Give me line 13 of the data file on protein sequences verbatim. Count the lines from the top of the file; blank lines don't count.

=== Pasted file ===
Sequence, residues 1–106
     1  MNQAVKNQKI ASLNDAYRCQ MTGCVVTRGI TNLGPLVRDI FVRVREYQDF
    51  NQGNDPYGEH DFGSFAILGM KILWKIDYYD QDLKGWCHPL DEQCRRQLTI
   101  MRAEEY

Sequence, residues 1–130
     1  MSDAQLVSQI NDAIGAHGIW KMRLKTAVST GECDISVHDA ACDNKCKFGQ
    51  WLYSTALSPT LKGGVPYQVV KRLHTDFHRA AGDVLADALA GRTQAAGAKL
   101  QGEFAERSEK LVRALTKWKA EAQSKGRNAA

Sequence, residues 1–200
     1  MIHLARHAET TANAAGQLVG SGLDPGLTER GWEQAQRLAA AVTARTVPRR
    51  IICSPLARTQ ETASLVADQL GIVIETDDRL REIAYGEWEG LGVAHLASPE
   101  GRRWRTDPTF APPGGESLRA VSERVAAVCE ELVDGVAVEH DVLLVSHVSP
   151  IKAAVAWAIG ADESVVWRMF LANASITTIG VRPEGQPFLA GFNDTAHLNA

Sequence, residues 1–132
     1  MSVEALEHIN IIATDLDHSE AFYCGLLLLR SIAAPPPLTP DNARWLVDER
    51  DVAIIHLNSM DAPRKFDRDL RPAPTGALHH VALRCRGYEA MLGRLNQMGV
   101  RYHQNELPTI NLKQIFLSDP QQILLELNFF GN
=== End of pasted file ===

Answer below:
   151  IKAAVAWAIG ADESVVWRMF LANASITTIG VRPEGQPFLA GFNDTAHLNA